Other ways in which schools engage groups of parents include information days on topics such as staying safe on line; coffee mornings; cultural celebrations or fun stuff that has nothing to do with their children’s school achievement.

Use these days to get to know your parent cohort. It can be the start of identifying parents who may need more intensive support, as well as spotting  super active parents who could be willing to help you engage with the less easy  to reach parents further down the line.

For those who didn’t turn up? …maybe follow up with a phone call, email or post card after the event? Seems time consuming but in the long run we’d suggest it’s probably worth

Keeping it going

Follow up, follow up, follow up. Maybe a general follow up text or letter home thanking parents for attending and reminding them to give you a call if there is anything they want to discuss could be a worthwhile routine.

Be clear about how parents can get in touch,  with whom,  for what – make the information accessible on the website. Does your site have contact details for staff?

Some parents are able or willing to put in more than others, and can be a useful ally now or at a future date. Consider finding a task to be sure to catch the moment or if you haven’t got a job for them right now, maybe get them lined up by asking if you could contact them in future if you need a hand with something. Sometimes the best go-between for parents and schools can be other parents.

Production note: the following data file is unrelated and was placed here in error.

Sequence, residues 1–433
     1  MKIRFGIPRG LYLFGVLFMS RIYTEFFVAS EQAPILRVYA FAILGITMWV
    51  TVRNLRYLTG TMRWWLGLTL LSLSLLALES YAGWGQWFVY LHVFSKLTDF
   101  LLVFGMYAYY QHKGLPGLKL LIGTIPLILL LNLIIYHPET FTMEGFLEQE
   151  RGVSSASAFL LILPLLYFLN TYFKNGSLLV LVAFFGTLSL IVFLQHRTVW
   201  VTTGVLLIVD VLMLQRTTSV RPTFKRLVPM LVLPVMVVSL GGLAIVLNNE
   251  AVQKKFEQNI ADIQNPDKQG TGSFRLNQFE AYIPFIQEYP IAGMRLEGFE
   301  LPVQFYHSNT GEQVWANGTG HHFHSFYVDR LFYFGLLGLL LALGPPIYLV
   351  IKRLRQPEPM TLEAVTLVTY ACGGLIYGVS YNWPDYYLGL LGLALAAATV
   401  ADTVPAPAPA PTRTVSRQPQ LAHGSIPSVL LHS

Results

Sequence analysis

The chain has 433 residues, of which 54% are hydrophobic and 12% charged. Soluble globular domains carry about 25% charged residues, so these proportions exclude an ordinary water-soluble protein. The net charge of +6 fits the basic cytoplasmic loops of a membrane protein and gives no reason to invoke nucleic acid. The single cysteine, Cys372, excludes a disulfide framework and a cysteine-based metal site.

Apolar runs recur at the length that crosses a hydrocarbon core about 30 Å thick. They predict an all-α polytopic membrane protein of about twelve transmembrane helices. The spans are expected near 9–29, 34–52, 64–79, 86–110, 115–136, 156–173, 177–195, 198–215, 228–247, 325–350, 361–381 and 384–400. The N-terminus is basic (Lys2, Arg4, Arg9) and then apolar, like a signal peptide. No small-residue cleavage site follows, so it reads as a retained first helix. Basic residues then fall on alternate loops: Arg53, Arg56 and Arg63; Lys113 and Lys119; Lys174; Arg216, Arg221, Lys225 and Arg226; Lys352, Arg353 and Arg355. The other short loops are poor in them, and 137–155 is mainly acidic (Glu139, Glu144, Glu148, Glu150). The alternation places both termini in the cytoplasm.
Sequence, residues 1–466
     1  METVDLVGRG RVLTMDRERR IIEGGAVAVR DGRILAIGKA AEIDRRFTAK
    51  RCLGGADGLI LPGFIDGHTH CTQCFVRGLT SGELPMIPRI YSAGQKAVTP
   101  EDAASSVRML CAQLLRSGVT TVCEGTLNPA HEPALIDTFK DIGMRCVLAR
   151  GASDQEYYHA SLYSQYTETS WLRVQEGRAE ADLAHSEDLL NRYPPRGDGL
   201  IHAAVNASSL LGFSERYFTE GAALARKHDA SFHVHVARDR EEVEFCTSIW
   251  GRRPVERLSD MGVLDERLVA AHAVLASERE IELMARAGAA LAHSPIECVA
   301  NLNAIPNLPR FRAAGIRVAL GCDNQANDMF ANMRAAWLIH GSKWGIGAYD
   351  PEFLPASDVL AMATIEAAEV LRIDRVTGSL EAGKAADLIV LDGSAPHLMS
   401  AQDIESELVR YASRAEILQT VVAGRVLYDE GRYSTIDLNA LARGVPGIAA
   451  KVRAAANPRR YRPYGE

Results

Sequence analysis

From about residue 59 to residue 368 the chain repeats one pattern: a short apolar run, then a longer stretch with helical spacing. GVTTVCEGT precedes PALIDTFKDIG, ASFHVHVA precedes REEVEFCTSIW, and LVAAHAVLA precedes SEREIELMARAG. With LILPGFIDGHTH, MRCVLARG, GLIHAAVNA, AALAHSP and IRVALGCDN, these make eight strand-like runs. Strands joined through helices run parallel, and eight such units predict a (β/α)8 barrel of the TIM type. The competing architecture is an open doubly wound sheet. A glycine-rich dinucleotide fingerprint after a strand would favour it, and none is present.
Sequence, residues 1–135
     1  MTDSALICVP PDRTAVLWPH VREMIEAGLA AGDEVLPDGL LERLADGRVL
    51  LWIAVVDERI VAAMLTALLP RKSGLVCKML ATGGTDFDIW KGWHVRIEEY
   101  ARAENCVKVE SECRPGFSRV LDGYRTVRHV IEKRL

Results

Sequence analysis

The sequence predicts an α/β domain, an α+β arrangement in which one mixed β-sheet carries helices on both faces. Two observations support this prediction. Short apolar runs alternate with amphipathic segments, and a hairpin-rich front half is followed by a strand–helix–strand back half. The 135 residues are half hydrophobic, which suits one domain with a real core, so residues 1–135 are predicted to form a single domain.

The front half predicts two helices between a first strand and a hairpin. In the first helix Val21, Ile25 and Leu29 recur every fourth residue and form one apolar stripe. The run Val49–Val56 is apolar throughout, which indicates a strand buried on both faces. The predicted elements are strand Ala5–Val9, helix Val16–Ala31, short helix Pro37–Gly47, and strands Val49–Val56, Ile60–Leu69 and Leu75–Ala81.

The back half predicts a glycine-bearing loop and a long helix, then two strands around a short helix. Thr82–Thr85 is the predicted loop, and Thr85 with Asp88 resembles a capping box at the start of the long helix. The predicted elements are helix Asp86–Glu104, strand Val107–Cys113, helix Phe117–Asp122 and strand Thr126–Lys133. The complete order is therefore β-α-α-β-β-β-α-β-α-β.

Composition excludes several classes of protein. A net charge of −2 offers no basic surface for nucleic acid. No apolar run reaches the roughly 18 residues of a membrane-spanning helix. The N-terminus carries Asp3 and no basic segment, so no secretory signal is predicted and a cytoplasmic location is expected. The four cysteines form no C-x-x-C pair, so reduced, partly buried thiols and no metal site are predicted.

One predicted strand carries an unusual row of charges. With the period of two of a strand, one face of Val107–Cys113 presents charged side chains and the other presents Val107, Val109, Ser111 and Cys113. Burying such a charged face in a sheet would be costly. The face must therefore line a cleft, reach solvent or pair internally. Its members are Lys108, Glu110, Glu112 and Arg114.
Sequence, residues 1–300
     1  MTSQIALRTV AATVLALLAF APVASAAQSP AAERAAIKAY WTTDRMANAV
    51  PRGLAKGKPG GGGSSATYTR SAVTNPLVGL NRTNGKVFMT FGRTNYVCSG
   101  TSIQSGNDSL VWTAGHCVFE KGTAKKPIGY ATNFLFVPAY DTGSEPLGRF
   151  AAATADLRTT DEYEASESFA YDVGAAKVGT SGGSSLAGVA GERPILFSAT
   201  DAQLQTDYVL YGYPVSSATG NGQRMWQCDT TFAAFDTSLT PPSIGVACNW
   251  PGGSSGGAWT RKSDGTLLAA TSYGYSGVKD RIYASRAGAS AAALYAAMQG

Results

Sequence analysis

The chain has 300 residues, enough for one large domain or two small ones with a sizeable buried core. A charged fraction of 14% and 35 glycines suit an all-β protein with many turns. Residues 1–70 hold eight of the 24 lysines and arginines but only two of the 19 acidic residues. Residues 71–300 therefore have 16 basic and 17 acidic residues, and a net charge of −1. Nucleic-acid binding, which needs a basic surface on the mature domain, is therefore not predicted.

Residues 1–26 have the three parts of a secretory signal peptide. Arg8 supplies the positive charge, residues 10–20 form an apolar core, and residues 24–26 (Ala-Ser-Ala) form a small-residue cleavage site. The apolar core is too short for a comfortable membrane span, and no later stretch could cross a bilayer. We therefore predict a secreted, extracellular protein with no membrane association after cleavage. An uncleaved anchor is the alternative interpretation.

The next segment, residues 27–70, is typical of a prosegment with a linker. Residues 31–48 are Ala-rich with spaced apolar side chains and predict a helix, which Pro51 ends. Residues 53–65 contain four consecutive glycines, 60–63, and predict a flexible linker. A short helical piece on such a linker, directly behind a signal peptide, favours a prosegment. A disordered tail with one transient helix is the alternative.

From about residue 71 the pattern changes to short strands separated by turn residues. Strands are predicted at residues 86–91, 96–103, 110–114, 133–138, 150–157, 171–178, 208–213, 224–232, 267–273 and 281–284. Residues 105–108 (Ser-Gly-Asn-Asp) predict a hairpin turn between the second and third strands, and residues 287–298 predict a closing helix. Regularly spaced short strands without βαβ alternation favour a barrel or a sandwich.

Targeting parents

Just as you might organise information around pupils’ needs in order to target support, help them to  engage in learning and prevent problems emerging later on  – why not do the same with parents? You could add to the pupil information to include  facts about parents and home life. Seems controversial? Is it?

We are not talking about confidential information about parents’ drug habits being shared around school, but suggesting contextual information that might help you understand parents and more importantly their child/ren. You may need to check out with parents in a general way at least that it’s ok to hold this information in school.

This can mean finding out and recording things such as:

• Family make up mum/dad/ siblings/extended family/ blended family – who is in the house and who is close by – this could be a great year 7 tutor group activity Postcode – what is happening in the local neighbourhood, how far is the family from school – do you have any parents having to travel a significant distance?
• Cost of travel, working hours, younger siblings and other barriers for getting  into school
• Additional needs and problems – parents disability,  health issues such as mental health or substance misuse, will have a huge impact  – when are the opportunities for this kind of information to be shared in person by a parent never mind a child?
• Race, religion, family heritage
• Family hobbies, interests, activities, jobs

For large schools creating a systematic way of collecting, sharing and retaining this information appropriately is a challenge. The more staff know about a child’s context the more they can understand them and differentiate how they respond at times.

Okay, some information you have from parents is sensitive and some might be confidential, so how it is recorded and what is shared requires some serious thought and planning.

Crucially you want to help the parent to help the pupil, so thinking through what you know about the family will help you to plan your interaction If appropriate try and involve the pupil too, the most effective strategies will have everyone on board.